Students at the University of California, Berkeley, have stood at the forefront of progressive movements throughout history, from free speech, to civil rights, to the recent protests against tuition fee hikes. Student activists at our school, many of them Jewish, have displayed great political courage, following in the footsteps of other Jewish leaders who have led similar social justice struggles; however, the body claiming to officially represent Jewish students on campus has decided that on one issue particularly close to our hearts, progressive voices will not be tolerated. That issue is Israel.
UC Berkeley’s Jewish Student Union, the Hillel-sponsored umbrella organization for Jewish student groups on campus, is supposed to be the democratic forum representing organized Jewish life at the university. The JSU general board, however, is disproportionately controlled by leaders of the group Tikvah: Students for Israel, who are committed to a single goal: imposing a right-wing agenda regarding the Israeli-Palestinian conflict on campus.
Tikvah, while an important voice on campus, is one of four Israel groups that make up Berkeley’s Hillel. While Hillel opens its doors to a plethora of enriching experiences for Jewish students on campus, members of Tikvah use the JSU to slam them shut in the face of progressive students.
On November 16, the JSU voted to deny membership to Berkeley’s chapter of J Street U, the college arm of J Street. (It takes a two-thirds vote to approve membership; nine voted for, 10 against, and two abstained.) Instead of creating a broad and comprehensive discussion about the nature of J Street U, members of Tikvah dominated the discussion and framed J Street U as an anti-Israel, duplicitous organization while ignoring all evidence to the contrary.
J Street U’s first activity at the UC Berkeley campus was in the spring of 2010, when it joined the opposition to the divestment campaign (a strange way for an “anti-Israel” organization to introduce itself to our campus). Last spring, J Street U brought Assaf Sharon to campus. Sharon is a founding member of the Sheikh Jarrah Solidarity Movement, an organization that works to prevent evictions of Palestinians from their homes in East Jerusalem. During the JSU vote, Tikvah members portrayed Sharon as an advocate of kicking Jews out of their homes in “our Jerusalem,” a misleading comment if one claims to support a pragmatic framework for a two-state solution.
They argued that no one hosting such a speaker could possibly be supportive of the Jewish state, forgetting to mention that the Sheikh Jarrah Solidarity Movement has the unbridled public support of such famed “anti-Israel” advocates as acclaimed Israeli author David Grossman, former speaker of the Knesset Avraham Burg and Bernard Avishai, author of the 2008 book “The Hebrew Republic.” They also ignored J Street U’s sponsorship of an event featuring Ami Ayalon (former head of the Shin Bet and former commander of the Israeli navy), clearly a rabid “anti-Israel divestnik.”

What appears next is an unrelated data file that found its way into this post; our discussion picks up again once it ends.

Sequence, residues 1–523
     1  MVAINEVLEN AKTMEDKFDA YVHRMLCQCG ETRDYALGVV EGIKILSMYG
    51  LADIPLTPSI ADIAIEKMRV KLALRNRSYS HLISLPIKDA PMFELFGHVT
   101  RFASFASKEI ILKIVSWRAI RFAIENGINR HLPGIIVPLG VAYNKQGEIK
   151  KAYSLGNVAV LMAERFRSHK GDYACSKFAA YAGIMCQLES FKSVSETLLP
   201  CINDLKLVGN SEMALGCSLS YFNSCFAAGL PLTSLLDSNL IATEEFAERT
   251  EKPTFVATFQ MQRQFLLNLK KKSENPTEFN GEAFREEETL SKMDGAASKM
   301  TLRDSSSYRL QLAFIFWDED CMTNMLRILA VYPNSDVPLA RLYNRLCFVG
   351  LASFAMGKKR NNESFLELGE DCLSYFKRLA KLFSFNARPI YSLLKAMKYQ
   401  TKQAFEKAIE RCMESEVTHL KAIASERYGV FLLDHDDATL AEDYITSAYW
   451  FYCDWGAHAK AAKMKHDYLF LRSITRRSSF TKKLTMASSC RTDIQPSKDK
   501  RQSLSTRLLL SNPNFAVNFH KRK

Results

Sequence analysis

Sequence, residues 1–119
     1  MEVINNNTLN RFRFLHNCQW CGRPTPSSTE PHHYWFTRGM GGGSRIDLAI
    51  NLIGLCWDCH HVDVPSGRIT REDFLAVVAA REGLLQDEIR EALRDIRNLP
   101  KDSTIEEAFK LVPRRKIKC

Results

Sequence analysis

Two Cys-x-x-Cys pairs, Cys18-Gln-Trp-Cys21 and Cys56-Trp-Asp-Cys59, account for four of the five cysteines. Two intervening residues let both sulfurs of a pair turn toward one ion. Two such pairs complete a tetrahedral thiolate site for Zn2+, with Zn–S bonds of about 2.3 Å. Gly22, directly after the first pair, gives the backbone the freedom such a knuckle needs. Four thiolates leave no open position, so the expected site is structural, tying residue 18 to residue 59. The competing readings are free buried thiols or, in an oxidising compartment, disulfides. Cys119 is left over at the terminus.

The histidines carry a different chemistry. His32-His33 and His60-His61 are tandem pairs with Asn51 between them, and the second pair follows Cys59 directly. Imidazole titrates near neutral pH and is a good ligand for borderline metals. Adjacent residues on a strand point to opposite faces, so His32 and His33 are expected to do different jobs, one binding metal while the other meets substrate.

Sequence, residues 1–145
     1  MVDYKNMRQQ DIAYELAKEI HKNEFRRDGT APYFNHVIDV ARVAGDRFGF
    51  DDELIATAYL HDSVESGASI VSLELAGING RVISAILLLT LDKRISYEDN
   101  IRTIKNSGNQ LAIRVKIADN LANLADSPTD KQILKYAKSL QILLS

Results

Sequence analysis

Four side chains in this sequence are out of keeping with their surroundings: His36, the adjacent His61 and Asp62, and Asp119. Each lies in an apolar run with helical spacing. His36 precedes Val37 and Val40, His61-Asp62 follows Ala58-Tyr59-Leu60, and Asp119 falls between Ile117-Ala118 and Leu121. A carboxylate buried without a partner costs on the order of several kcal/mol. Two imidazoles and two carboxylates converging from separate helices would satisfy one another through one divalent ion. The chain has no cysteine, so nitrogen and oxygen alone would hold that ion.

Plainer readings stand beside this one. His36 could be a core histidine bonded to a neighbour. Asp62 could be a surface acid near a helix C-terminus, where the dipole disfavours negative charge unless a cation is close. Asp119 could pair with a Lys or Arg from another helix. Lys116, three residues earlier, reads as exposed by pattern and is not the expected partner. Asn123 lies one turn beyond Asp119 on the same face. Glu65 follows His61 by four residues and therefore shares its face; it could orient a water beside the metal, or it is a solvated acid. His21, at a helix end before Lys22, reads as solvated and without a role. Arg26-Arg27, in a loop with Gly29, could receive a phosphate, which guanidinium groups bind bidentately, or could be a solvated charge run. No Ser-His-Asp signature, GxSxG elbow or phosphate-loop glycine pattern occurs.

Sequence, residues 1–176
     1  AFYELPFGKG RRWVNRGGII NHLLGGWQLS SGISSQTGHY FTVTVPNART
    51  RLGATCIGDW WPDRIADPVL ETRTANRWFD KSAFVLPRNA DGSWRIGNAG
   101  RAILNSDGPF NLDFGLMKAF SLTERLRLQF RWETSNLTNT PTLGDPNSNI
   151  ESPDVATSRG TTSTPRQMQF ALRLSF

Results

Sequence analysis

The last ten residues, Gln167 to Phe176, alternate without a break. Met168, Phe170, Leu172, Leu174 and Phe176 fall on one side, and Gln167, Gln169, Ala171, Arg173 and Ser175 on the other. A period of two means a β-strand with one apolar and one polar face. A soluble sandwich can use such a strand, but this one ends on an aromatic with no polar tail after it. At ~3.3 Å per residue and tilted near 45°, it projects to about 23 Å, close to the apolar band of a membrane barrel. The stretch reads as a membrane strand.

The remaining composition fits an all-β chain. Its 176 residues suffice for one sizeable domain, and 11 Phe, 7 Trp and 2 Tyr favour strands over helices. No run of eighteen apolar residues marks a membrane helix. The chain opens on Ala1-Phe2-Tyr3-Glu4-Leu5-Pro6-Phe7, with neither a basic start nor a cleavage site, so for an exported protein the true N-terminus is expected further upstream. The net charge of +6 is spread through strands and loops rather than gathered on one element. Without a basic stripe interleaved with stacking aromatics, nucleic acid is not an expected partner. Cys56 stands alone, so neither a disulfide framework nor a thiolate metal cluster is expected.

We founded J Street U at Berkeley because we are tired of the hard-liner politics on both sides and are inspired by student leaders across the nation progressively changing the conversation on Israel in their communities and taking bold steps in the American political arena. We are also inspired by our Israeli counterparts who are working to change the situation on the ground.
The Berkeley JSU’s vote is emblematic of a larger trend. Even as pillars of the American Jewish establishment recognize the need to include J Street U and others like us in the broadening tent of pro-Israel advocacy, those on the right double their efforts to shut us out. Similarly, as nongovermental organizations and activists decry unjust government policy, the Israeli Knesset passes laws to limit their funding and stifle their right to free speech.
We believe that unless our community actively opposes the occupation and works toward a comprehensive Israeli-Arab peace deal, Israel’s future is at stake. We believe that unless progressive voices are recognized, the only voices left will be shrill and extreme, empowered by their reactionary, hard-liner counterparts in Israel.
We often ask ourselves, “Why are we fighting to be part of a community that doesn’t want us?” Some have stopped asking the question and have simply walked away. We refuse. We demand a place in this community. We are still here.
Simone Zimmerman, Isaiah Kirshner-Breen, Alon Mazor and Jeremy Elster are members of UC Berkeley’s chapter of J Street U.